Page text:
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First were we sad, fearing you would not come ;
Tra. And tell us, what occasion of import
Pet. Tedious it were to tell, and harsh to hear : * Sufficeth, I am come to keep my word,
Though in some part enforced to digress;
Tra. See not your bride in these unreverent robes ; Go to my chamber, put on clothes of mine.
Pet. Not I, believe me ; thus I'll visit her."
"Twere well for Kate, and better for myself. - But what a fool am I, to chat with you,
When I should bid good-morrow to my bride,
Tra. He hath some meaning in his mad attire :
Bap. I'll after him, and see the event of this. [Exit.
Tra. But, sir, to her love concerneth us to add
Luc. Were it not that my fellow schoolmaster
Which once perform’d, let all the world say-80,
Tra. That by degrees we mean to look into,
Gre. As willingly as e'er I came from school
Gre. A bridegroom, say you ? 'tis a groom indeed,
Tra. Curster than she ? why, 'tis impossible.
Gre. Tut! she's a lamb, a dove, a fool to him.
Tra. What said the wench, when he arose again?
 Quaffd of the muscadel.-It appears froin this passage, and the following one in The History of the Two Maids of Moreclacke, a comedy by Robert Armin, 1609, that it was the custom to drink wine immediately after the marriage cere
Armin's play begins thus :
“ Maid. Strew, strew.
* To make them man and wife." STEEVENS. The fashion of introducing a bowl of wine into the church at a wedding, to be drank by the bride and bridegroom, and persons present, was very anciently a constapt ceremony ; add as appears from this passage, not abolished in our author's age.
But that his beard grew thin and hungerly,
[Music. Enter PETRICHIO, KATHARINA, BIANCA, BAPTISTA, HOR
TENSIO, GRUmio, and Train. Pet. Gentlemen and friends, I thank you for your pains. I know, you think to dine with me to-day, And have prepar'd great store of wedding cheer; But so it is, my haste doth call me hence, And therefore here I mean to take my leave.
Bap. Is’t possible, you will away to-night?
Pet. I must away to-day, before night come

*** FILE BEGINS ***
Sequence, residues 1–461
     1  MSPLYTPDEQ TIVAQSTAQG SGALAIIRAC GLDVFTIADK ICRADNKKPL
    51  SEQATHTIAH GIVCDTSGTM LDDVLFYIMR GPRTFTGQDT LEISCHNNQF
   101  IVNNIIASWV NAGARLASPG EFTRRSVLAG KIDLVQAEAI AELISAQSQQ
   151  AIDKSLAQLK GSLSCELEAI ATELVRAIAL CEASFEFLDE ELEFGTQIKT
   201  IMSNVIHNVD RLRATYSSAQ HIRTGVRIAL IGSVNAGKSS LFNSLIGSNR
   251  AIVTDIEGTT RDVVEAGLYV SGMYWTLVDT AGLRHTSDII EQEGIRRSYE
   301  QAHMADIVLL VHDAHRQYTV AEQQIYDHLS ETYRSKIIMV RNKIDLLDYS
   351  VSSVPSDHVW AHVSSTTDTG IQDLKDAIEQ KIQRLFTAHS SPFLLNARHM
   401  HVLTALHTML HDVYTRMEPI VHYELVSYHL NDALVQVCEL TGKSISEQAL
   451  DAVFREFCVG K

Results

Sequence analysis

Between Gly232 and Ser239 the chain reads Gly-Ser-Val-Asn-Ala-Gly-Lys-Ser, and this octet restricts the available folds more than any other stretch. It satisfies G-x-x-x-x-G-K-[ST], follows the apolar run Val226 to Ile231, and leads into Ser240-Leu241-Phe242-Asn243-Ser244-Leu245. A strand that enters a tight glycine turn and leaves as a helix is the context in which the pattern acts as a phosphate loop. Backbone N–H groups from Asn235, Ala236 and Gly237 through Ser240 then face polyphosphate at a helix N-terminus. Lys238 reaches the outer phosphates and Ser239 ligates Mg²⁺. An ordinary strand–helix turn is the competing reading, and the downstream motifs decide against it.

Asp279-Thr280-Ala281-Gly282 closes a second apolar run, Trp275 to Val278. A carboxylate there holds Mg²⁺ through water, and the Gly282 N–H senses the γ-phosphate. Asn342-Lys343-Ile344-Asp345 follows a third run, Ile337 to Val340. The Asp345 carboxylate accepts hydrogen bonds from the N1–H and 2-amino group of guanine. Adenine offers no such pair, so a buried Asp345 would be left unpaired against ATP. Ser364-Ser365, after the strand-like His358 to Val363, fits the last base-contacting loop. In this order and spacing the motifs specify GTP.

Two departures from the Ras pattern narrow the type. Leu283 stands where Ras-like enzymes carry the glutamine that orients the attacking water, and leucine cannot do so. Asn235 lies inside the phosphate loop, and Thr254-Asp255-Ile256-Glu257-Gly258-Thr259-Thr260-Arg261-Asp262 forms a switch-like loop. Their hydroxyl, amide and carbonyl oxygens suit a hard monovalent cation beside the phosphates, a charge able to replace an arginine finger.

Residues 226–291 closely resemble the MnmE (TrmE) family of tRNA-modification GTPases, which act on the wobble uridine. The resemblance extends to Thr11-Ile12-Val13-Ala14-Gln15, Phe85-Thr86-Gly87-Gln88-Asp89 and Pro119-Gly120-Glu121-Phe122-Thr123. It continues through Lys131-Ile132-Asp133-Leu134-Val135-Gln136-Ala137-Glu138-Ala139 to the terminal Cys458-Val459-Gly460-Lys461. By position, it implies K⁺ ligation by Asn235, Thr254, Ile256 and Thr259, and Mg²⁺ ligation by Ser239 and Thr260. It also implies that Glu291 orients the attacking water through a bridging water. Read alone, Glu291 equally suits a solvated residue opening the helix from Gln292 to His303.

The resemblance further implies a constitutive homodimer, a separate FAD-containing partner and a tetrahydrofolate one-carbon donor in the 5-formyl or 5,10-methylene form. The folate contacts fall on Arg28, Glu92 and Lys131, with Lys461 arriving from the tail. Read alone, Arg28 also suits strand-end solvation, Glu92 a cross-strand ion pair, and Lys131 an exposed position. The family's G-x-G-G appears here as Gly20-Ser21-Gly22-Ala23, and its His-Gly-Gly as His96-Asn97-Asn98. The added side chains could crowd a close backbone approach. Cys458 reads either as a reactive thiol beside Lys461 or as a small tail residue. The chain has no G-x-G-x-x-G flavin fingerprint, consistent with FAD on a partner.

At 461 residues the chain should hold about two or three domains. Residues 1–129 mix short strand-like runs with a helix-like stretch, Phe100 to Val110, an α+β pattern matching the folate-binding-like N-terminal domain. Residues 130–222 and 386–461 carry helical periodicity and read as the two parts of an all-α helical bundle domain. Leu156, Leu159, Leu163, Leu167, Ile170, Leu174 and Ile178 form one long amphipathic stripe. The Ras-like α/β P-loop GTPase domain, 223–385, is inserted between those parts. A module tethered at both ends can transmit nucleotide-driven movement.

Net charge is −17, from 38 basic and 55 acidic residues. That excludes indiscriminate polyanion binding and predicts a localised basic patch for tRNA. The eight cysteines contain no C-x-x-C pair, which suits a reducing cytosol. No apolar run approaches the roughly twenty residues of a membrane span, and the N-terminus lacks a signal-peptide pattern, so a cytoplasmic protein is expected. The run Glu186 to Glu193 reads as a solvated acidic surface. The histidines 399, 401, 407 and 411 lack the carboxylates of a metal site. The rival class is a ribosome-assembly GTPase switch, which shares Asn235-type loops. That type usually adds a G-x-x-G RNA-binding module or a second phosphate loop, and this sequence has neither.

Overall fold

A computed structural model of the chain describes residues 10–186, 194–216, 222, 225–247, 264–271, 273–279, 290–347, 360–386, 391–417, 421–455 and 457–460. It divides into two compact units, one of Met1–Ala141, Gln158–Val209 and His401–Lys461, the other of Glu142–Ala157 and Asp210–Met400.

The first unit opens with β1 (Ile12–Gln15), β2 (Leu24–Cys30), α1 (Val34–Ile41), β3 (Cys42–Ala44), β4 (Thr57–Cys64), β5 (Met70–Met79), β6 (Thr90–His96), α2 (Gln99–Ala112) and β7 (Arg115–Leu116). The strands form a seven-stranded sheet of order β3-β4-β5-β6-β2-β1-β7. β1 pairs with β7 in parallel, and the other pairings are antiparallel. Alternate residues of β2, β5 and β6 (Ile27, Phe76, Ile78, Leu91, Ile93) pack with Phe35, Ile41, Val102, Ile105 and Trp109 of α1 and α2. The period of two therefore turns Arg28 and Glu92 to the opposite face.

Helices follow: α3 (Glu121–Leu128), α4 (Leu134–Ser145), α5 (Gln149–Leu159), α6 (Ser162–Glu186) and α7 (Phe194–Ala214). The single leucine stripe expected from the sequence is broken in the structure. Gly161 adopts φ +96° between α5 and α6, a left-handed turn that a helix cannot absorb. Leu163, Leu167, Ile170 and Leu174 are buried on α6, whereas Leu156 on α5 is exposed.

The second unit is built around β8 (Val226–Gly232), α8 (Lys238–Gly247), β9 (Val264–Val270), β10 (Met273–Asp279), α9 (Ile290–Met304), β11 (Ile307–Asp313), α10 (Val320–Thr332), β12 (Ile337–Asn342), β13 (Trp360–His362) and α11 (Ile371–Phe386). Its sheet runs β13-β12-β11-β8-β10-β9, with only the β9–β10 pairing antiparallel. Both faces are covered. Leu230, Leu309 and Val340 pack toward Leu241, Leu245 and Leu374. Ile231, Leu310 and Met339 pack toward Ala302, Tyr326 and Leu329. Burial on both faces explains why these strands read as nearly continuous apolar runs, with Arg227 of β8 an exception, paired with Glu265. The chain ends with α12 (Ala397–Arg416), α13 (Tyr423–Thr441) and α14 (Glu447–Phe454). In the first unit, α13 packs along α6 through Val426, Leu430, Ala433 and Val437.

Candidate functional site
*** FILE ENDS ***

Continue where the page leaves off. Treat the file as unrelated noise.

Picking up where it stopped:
Tra. Let us entreat you stay till after dinner.
Pet. I am content you shall entreat me stay ;
Kath. Now, if you love me, stay.
Gru. Ay, sir, they be ready; the oats have eaten the horses.?
Kath. Nay, then, Do what thou canst, I will not go to-day ;  It appears that this was also part of the marriage ceremonial. STEEVENS:
There is still a ludicrous expression used when horses have staid so long in a place as to have eaten more than they are worth-viz. that their heads are too big for the stable-door. STEEVENS. 19 Vol. III
No, nor to-morrow, nor till I please myself.
Pet. 0, Kate, content thee ; pr’ythee, be not angry.
Kath. I will be angry; What hast thou to do? -Father, be quiet; he shall stay my leisure.
Gre. Ay, marry, sir : now it begins to work.
Kath. Gentlemen, forward to the bridal dinner:
Pet. They shall go forward, Kate, at thy command:
Bap. Nay, let them go, a couple of quiet ones.
For to supply the places at the table,
(1) Alluding to the tenth commandment: "-thou shalt not covet thy neighe bour's house, nor his oz, dor his ass." RITSON.
And let Bianca take her sister's room.
Tra. Shall sweet Bianca practise how to bride it ?
ACT IV. SCENE I.--A Hall in Petruchio's Country House. En
Grumio. Fre, fye, on all tired jades! on all mad masters ! and all foul ways! Was ever man so beaten ? was ever man so rayed ?s was ever man so weary? I am sent before to make a fire, and they are coming after to warm them. Now, were not I a little pot, and soon hot, my very lips might freeze to my teeth, my tongue to the roof of my mouth, my heart in my belly, ere I should come by a fire to thaw me :-But, I, with blowing the fire, shall warm myself; for, considering the weather, a taller man than I will take cold.--Holla, hoa! Curtis !
Enter Curtis. Curt. Who is that, calls so coldly ?
Gru. A piece of ice : If thou doubt it, thou may'st slide from my shoulder to my heel, with no greater a run but my head and my neck. A fire, good Curtis.
Curt. Is my master and his wife coming, Grumio ?
Gru. O, ay, Curtis, ayo and therefore fire, fire on no water.
Curt. Is she so hot a shrew as she's reported ?
Gru. She was, good Curtis, before this frost : but, thou know'st, winter tames man, woman, and beast ; for it hath tamed my old master, and my new mistress, and myself, fellow Curtis. Curt. Away, you three-inch fool ! I am no beast. Grú. Am I but three inches ? why, thy horn is a foot ;
 That is, was ever man so marked with lashes. JOHNSON. It rather means bewrayed, i, e. made dirty. So Spenser, speaking of a fountait;
" Which she increased with her bleeding heart,
And the clean waves with purple gore did ray.' Again, ip book 111. cant. 8. st. 32.
“Who whiles the piteous lady up did rise,
Ruffled and foully'ray'd with filthy soil.” TOLLET.  i. e. with a skull three inches thick, a phrase taken from the thicker sort of planks. WARBURTON.